By Lesley McIntyre
Jonathan Cape pound;15
The Time of Her Life is a moving photographic record of the life of Molly McIntyre, a bright, charismatic young woman with severe physical disabilities who defeated all the odds. When Molly was born with a muscular abnormality on October 19, 1984, doctors believed her life would be short and she would never leave hospital.
In fact she lived until the age of 14, and thanks to her amazing spirit and the dedication and determination of her mother, the documentary photographer Lesley McIntyre, she packed more into her life than most young people ever have the chance of doing.
Lesley McIntyre's projects have included rural reconstruction in newly independent Zimbabwe and the Greenham Common peace camp; she has also worked for theatres including the Royal Court. She assumed she would be able to combine her career as a photographer with bringing up a child, but in her introduction writes: "I found myself grounded in our domestic life, the demands of such a fragile child being very particular." But she never stopped taking pictures.
Her battle to keep Molly in mainstream schools was particularly time-consuming, especially as she became a single parent when Molly was two and a half. Secondary transfer involved a lengthy appeals process and a house move.
We read how persistence (and support from the Disability Law Service) paid off, how Molly did well academically (at Sudbourne primary in the London borough of Lambeth and Elliott school in neighbouring Wandsworth) and took a full part in school life. Her mother recalls how Molly spoke up on behalf of a boy who was about to be excluded for behavioural difficulties; the boy stayed in school. Part of her story is told in the pieces of schoolwork that appear in the book alongside her mother's pictures.
At Sudbourne she recorded some of her own life in a timeline that shows her family lived in Norway, near her father's parents, for two years when she was a small child; in 1988 she was given her first kitten (Grace); in 1992 she made her first trip to the United States; in 1993 her grandparents celebrated their golden anniversary and in 1995 she returned to the US for the second time. Her teacher gave this an A and commented "very detailed".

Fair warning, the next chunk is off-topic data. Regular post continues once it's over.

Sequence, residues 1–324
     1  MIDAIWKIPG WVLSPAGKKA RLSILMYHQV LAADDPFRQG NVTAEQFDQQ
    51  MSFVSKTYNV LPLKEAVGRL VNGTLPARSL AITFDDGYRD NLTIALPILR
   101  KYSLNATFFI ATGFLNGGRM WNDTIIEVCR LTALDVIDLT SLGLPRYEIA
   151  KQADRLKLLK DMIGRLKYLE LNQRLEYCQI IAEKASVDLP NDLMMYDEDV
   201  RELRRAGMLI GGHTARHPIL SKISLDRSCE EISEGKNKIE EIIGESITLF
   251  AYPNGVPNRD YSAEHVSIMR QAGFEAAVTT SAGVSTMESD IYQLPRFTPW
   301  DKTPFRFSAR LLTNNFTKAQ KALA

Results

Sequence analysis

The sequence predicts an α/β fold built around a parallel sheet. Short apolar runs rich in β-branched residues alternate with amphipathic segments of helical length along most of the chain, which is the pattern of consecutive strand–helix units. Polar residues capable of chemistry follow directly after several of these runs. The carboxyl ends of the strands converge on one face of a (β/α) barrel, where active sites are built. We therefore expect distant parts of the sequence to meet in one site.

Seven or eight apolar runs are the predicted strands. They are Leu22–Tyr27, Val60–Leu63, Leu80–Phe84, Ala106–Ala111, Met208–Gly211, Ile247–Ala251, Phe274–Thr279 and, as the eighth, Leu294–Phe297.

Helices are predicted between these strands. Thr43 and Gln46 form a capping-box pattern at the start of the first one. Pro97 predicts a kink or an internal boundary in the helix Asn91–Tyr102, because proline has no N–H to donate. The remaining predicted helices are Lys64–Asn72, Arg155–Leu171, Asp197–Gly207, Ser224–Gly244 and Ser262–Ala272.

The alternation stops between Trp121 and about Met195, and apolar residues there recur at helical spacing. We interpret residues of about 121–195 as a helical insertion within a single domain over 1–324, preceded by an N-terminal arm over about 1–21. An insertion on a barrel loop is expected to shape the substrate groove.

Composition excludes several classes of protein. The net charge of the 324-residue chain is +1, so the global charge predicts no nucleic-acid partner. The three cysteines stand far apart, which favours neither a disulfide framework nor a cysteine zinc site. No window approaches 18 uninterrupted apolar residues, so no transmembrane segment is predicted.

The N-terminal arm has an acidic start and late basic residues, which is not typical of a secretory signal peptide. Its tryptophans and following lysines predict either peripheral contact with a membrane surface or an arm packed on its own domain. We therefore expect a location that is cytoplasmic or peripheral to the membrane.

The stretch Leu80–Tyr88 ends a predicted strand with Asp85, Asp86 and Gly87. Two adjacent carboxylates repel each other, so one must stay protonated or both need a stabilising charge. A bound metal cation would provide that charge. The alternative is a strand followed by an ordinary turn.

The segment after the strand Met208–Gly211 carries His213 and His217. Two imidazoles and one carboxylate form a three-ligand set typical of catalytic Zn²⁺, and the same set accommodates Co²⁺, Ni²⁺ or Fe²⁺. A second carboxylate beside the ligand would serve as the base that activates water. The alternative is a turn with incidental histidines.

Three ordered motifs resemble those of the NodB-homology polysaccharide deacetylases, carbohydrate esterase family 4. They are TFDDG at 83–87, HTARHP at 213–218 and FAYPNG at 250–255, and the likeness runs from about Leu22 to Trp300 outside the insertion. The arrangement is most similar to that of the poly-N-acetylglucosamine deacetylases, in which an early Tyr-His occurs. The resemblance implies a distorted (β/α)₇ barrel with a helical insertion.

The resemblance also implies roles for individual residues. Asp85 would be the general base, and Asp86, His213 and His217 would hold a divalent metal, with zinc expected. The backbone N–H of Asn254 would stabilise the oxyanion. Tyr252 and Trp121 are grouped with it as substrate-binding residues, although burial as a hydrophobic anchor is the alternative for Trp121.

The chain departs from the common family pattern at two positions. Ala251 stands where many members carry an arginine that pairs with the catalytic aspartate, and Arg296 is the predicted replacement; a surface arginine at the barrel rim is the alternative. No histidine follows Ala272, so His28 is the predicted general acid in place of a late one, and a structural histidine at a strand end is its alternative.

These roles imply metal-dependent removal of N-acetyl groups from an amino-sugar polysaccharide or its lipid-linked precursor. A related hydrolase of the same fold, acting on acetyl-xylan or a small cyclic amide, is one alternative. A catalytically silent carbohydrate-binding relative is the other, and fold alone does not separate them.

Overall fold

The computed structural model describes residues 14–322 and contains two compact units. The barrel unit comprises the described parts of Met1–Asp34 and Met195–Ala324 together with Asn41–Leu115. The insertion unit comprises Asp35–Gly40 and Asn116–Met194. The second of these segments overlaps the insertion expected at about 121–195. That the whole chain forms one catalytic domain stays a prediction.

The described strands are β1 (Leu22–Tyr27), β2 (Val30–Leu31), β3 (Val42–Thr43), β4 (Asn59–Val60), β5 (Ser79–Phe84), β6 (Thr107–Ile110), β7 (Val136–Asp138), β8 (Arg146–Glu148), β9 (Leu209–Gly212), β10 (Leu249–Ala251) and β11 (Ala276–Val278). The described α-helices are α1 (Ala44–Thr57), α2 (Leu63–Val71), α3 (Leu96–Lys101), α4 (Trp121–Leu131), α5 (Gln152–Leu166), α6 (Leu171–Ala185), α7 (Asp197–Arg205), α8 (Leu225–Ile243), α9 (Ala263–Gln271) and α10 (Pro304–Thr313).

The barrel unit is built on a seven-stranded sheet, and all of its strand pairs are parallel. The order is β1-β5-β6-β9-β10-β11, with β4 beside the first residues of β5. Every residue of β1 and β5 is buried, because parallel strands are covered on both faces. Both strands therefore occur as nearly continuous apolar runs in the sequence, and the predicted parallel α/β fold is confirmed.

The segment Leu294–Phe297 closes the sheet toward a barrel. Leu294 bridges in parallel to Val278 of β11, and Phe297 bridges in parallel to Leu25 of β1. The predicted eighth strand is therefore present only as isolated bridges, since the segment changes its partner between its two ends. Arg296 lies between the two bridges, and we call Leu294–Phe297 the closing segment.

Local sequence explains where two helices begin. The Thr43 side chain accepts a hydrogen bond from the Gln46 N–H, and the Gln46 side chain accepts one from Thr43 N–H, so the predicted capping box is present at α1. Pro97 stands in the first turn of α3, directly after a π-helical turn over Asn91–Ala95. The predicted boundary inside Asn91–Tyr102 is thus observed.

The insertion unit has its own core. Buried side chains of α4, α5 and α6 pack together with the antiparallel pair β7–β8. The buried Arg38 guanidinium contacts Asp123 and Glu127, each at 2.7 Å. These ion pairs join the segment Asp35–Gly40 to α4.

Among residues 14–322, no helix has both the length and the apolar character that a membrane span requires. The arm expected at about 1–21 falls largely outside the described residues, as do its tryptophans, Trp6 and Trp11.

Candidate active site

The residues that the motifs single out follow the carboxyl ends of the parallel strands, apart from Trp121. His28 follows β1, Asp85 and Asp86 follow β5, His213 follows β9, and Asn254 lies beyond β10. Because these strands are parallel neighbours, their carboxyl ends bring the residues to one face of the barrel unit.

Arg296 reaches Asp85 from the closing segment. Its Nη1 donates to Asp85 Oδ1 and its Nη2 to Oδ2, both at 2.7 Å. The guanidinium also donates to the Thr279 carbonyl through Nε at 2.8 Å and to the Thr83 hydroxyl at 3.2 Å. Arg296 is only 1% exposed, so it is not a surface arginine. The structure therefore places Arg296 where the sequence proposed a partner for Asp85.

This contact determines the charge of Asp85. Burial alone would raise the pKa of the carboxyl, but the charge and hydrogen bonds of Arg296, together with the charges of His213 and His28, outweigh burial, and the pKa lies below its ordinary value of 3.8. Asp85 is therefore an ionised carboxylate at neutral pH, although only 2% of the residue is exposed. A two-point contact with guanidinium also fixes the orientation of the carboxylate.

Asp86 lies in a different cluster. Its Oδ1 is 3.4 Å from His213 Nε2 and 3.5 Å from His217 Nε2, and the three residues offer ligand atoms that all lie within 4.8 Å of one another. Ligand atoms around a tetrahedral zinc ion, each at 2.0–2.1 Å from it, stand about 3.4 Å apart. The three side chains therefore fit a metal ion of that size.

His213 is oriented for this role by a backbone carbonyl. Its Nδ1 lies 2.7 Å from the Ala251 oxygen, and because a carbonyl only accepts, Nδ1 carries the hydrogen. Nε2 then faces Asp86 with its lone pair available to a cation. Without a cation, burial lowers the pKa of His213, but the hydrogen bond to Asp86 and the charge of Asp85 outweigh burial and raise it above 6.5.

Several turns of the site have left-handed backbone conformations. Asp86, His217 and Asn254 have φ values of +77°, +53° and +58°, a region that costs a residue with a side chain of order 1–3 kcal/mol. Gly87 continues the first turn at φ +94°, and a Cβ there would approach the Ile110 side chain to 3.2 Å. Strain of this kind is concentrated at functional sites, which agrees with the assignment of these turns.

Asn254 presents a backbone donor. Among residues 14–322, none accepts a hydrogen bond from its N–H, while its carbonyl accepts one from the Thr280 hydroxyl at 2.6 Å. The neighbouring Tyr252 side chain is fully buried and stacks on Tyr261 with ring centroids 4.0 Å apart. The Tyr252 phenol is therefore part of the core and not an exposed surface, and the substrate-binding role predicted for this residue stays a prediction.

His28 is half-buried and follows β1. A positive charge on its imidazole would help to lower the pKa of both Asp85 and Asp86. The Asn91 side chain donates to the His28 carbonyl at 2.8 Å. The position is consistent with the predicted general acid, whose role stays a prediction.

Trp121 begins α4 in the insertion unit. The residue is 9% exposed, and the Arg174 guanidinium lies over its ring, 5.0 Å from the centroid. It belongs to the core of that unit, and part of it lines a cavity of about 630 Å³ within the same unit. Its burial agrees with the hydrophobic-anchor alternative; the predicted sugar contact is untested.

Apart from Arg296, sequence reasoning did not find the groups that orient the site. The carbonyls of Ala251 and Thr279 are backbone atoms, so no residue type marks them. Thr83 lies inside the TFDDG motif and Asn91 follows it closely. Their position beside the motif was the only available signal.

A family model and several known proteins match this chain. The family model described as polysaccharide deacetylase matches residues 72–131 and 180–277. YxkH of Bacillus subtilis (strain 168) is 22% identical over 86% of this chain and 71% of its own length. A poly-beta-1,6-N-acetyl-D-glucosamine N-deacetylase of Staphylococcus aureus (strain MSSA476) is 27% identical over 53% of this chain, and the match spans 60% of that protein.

A structured two-page essay written in September 1997, shortly after the deaths of her Auntie Carol and Princess Diana within three days, shows an extraordinarily mature insight: "Auntie Carol's service was a humanist ceremony. Myself and my two little cousins, Angus and Tommy, were there. We all laid bouquets around her coffin. The flowers we laid were very special.
They were special because they were from her own garden.
"Princess Diana's service was a religious service. Her sons' flowers were not from her garden."
But the full story is in the 57 photographs, which reveal the full extent of Molly's zest for living. We see her enjoying family holidays on beaches in Pembrokeshire, Majorca and Long Island, on school trips, riding a tricycle on the Palace Pier at Brighton, taking part in a workshop on Swan Lake and flying a kite in a London park.
In others she is shown playing dressing-up games with friends, as a bridesmaid at her uncle's wedding, demonstrating against education cuts in Piccadilly in 1995, on a visit to Sissinghurst gardens, at a wine tasting in the Moselle valley and, delightfully, sitting in a hairdresser's engrossed in Hello! magazine. The last picture was taken at home in Putney, south-west London, just four days before she died.
Molly's condition was never fully diagnosed, and she did not see herself as a sick child until the very end. Her story is poignant but also inspirational and full of hope. As well as a celebration of a daughter's life by a devoted mother, this book provides an opportunity to revisit the gap in legislation that means children like Molly have no right to mainstream schooling. Lesley McIntyre will continue to campaign for this, "because I continue to meet exhausted and frustrated parents trying to make sense of the system".